Carter W. Class as caste: the thirteenth Amendment applicability to class-based subordination. Seattle Univ Law Rev. 2016;39(3):813–28.Google Scholar
  95. 95.
    Alexander M. The New Jim Crow: mass incarceration in the age of colorblindness. New York, NY: The New Press; 2012.Google Scholar
  96. 96.
    Mumford M, Schazenback D, Nunn R. The economics of private prisons. The Hamilton Project; 2016. Available from Accessed on 14 Jan 2018.
  97. 97.
    Federal Bureau of Prisons. Work programs; 2017. Available from
  98. 98.
    Persyn M. Mass incarceration and child trauma. Poverty Race. 2017;26(3):7–11.Google Scholar
  99. 99.
    Kim J, Park E. Impact of socioeconomic status and subjective social class on overall and health-related quality of life. BMC Public Health. 2015;15:783.CrossRefGoogle Scholar
  100. 100.
    United States Department of Housing and Urban Development. Expanding housing choices for HUD-assisted families: moving to opportunity. First biennial report to Congress, Moving to Opportunity for Fair Housing Demonstration Program; 1996.Google Scholar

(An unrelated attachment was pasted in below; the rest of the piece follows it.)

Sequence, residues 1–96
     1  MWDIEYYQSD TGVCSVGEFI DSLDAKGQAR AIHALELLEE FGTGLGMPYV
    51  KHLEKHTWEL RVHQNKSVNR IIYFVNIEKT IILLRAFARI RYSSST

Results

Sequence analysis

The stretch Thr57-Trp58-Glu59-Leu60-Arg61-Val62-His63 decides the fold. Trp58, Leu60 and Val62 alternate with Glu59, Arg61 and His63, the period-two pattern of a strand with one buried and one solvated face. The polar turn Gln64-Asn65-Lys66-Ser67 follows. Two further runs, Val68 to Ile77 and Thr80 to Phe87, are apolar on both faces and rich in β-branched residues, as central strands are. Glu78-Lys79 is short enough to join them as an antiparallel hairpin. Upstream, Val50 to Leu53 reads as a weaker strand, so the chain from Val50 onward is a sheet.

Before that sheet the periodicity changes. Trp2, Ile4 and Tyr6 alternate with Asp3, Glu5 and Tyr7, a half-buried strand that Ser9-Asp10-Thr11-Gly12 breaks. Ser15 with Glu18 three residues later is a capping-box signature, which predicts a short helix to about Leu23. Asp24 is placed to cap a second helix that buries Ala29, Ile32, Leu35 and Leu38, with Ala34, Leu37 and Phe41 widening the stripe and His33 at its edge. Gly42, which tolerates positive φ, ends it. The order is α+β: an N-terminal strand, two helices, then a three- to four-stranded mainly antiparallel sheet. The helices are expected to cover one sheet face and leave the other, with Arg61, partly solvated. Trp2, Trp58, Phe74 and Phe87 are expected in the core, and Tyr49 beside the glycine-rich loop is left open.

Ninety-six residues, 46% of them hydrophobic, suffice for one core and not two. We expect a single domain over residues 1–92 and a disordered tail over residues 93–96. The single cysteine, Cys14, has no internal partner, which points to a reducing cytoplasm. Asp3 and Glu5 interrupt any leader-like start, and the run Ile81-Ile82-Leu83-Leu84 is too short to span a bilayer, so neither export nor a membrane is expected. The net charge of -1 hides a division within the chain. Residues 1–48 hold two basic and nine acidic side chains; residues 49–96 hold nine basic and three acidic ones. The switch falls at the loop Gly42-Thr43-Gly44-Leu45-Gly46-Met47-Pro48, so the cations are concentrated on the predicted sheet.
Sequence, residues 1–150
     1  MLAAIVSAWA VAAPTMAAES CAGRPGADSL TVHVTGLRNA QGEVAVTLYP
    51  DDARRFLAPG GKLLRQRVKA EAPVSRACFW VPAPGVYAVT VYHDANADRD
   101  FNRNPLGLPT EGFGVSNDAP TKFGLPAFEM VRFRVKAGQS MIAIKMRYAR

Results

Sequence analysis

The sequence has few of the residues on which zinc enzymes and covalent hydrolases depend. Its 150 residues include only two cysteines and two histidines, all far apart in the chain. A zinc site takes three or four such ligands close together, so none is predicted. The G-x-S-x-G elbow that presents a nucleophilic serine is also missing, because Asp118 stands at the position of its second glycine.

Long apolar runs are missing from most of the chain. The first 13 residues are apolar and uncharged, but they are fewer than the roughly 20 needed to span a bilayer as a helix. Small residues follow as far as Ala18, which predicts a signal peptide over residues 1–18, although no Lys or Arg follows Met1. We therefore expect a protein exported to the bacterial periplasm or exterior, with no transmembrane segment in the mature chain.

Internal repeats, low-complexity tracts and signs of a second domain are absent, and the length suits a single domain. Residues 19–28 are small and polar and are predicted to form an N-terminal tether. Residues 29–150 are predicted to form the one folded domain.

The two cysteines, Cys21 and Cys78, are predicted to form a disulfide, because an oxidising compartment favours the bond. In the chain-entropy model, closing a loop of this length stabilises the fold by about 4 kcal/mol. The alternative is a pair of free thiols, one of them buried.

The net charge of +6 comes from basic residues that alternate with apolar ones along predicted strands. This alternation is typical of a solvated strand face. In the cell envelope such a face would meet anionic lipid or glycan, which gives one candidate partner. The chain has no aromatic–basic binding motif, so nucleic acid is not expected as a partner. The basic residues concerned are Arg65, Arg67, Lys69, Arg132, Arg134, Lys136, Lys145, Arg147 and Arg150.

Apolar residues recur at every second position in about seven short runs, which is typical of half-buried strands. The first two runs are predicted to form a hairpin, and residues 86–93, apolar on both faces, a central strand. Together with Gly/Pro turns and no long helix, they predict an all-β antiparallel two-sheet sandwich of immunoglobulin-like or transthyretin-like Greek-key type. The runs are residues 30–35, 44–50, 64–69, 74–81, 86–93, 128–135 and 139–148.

101. 101.
    Nyung Q, Acevedo-Garcia D, Schmidt N, Osypuk T. The effects of a housing mobility experiment on participants’ residential environments. Hous Pol Debate. 2017;27(3):419–48. Scholar
  102. 102.
    Centers for Disease Control and Prevention. Health in all policies; 2016. Available from
  103. 103.
    Sanbonmatsu L, et al. Moving to opportunity for fair housing demonstration program final impacts evaluation, United States Department of Housing and Urban Development, Office of Policy Development and Research Report; 2011. Available from HUD website:

Copyright information

© Springer International Publishing AG, part of Springer Nature 2019

Authors and Affiliations

  • Sharese N. Porter
    • 1
  1. 1.Department of Family and Community Health SciencesRutgers University, Cooperative ExtensionNew BrunswickUSA

Personalised recommendations